Agreement Regarding Minors

The involvement of children and adolescents in therapy can be highly beneficial to their overall development. Very often, it is best to see them with parents and other family members; sometimes, they are best seen alone. I will assess which might be best for your child and make recommendations to you. Obviously, the support of all the child’s caregivers is essential, as well as their understanding of the basic procedures involved in counseling children. The general goal of involving children in therapy is to foster their development at all levels. At times, it may seem that a specific behavior is needed, such as to get the child to obey or reveal certain information. Although those objectives may be part of overall development, they may not be the best goals for therapy. Again, I will evaluate and discuss these goals with you. Because my role is that of the child’s helper, I will not become involved in legal disputes or other official proceedings unless compelled to do so by a court of law. Matters involving custody and mediation are best handled by another professional who is specially trained in those areas rather than by the child’s therapist. The issue of confidentiality is critical in treating children. When children are seen with adults, what is discussed is known to those present and should be kept confidential except by mutual agreement. Children seen in individual sessions (except under certain conditions) are not legally entitled to confidentiality (also called privilege); their parents have this right. However, unless children feel they have some privacy in speaking with a therapist, the benefits of therapy may be lost. Therefore, it is necessary to work out an arrangement in which children feel that their privacy is generally being respected, at the same time that parents have access to critical information. This agreement must have the understanding and approval of the parents or other responsible adults and of the child in therapy. This agreement regarding treatment of minors has provisions for inserting individual details, which can be supplied by both the child and the adults involved. However, it is first important to point out the exceptions to this general agreement. The following circumstances override the general policy that children are entitled to privacy while parents or guardians have a legal right to information.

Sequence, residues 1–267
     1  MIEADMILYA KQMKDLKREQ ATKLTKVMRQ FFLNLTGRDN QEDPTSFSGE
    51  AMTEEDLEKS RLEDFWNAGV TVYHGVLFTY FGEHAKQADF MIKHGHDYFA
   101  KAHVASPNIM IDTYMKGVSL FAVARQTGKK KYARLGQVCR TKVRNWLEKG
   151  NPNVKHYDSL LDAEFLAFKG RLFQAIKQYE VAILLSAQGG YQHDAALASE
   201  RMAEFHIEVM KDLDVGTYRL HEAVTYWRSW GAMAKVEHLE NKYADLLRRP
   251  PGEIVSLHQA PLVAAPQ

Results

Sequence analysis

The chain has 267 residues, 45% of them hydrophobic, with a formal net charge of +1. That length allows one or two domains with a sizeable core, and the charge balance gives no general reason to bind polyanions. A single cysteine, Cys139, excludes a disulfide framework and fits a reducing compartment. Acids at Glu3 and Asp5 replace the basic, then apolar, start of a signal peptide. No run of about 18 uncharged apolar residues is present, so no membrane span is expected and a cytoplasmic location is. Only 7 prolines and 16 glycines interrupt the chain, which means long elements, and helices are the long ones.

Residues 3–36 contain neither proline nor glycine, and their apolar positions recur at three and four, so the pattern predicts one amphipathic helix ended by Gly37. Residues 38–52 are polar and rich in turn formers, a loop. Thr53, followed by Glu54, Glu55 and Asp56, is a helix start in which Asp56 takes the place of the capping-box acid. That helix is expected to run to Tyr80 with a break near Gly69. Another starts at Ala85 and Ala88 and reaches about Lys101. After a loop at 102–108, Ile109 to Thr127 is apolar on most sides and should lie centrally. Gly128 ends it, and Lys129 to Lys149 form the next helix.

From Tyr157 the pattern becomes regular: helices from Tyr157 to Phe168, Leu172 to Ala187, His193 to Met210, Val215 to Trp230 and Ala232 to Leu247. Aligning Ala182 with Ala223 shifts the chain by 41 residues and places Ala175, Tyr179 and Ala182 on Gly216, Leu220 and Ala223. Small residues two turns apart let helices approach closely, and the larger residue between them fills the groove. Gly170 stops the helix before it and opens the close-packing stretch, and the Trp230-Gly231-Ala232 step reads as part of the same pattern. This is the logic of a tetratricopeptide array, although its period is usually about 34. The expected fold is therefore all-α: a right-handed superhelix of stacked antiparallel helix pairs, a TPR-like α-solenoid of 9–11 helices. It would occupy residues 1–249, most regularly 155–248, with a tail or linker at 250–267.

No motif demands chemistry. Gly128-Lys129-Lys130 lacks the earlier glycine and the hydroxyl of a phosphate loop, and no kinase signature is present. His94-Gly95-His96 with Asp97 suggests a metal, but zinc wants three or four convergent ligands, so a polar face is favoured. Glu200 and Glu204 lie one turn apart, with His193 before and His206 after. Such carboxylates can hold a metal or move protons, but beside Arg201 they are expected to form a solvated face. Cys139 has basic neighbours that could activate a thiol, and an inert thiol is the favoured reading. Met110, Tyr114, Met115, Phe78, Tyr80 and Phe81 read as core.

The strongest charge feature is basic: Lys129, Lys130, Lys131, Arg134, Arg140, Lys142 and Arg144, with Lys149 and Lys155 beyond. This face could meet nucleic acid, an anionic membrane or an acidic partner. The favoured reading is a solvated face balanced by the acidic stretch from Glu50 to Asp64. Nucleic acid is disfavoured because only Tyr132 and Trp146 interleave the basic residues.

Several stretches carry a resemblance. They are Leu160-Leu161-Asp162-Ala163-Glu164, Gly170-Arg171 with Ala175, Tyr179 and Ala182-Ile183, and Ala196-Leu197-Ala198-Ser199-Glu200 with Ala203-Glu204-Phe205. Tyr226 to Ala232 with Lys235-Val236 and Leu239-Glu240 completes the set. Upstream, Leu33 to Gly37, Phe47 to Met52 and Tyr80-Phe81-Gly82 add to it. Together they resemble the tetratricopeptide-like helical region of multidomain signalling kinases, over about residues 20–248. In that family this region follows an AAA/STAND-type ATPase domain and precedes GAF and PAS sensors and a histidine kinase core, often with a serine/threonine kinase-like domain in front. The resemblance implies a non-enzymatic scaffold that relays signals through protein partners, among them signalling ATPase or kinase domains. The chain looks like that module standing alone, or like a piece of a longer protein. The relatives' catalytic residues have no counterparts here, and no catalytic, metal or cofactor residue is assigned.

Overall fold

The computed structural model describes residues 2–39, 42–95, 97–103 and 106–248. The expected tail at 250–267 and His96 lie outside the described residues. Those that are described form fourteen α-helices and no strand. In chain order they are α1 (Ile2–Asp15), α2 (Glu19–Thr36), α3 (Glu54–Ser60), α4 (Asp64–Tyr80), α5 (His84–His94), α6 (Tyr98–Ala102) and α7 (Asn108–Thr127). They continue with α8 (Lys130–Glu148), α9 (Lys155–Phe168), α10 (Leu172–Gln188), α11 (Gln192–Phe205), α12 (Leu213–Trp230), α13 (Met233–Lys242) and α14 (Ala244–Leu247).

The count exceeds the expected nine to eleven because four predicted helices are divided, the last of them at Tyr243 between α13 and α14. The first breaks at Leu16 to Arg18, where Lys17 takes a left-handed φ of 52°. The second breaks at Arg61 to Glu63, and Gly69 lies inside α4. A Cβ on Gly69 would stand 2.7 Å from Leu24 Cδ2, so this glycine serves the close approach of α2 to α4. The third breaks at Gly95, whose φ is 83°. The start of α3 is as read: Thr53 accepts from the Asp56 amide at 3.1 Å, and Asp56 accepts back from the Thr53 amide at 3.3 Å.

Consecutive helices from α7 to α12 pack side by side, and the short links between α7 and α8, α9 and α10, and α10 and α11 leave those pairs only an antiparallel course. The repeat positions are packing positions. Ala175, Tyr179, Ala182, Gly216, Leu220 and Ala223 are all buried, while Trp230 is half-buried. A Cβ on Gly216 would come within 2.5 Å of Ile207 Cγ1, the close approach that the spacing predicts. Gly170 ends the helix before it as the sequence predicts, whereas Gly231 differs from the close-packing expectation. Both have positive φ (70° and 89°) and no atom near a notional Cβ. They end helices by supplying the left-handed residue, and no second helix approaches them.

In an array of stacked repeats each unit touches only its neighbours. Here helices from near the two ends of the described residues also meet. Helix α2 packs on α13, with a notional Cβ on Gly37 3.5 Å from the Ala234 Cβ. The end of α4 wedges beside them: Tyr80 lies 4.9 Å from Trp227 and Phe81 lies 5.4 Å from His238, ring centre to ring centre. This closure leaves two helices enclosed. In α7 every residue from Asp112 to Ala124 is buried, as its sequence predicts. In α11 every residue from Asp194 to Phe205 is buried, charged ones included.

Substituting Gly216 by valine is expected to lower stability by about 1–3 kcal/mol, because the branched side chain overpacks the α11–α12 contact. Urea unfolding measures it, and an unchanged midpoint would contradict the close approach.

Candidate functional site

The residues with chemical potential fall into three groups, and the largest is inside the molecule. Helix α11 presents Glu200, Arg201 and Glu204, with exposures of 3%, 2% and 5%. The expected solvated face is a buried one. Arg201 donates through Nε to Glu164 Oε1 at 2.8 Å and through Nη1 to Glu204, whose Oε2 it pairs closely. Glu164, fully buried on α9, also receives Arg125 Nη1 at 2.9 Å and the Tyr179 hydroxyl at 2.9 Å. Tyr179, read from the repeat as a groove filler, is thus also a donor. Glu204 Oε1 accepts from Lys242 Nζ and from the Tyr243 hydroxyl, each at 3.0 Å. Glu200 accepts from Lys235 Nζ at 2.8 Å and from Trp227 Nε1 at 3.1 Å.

Confidentiality and privilege are limited in cases involving child abuse, neglect, molestation, or danger to self or others. In these cases, the therapist is required to make an official report to the appropriate agency and will attempt to involve parents as much as possible.
Minors may independently enter into therapy and claim the privilege of confidentiality in cases involving abuse or severe neglect, molestation, pregnancy, or communicable diseases, and when they are on active military duty, married, or officially emancipated. They may seek therapy independently for substance abuse, danger to self or others, or a mental disorder, but parents must be involved unless doing so would harm the child. (These circumstances may vary from state to state, and the specific laws of each state must be followed.)
 Any evaluation, treatment, or reports ordered by, or done for submission to a third party such as a court or a school is not entirely confidential and will be shared with that agency with your specific written permission. Please also note that I do not have control over information once it is released to a third party.
The goals of therapy are as follows:
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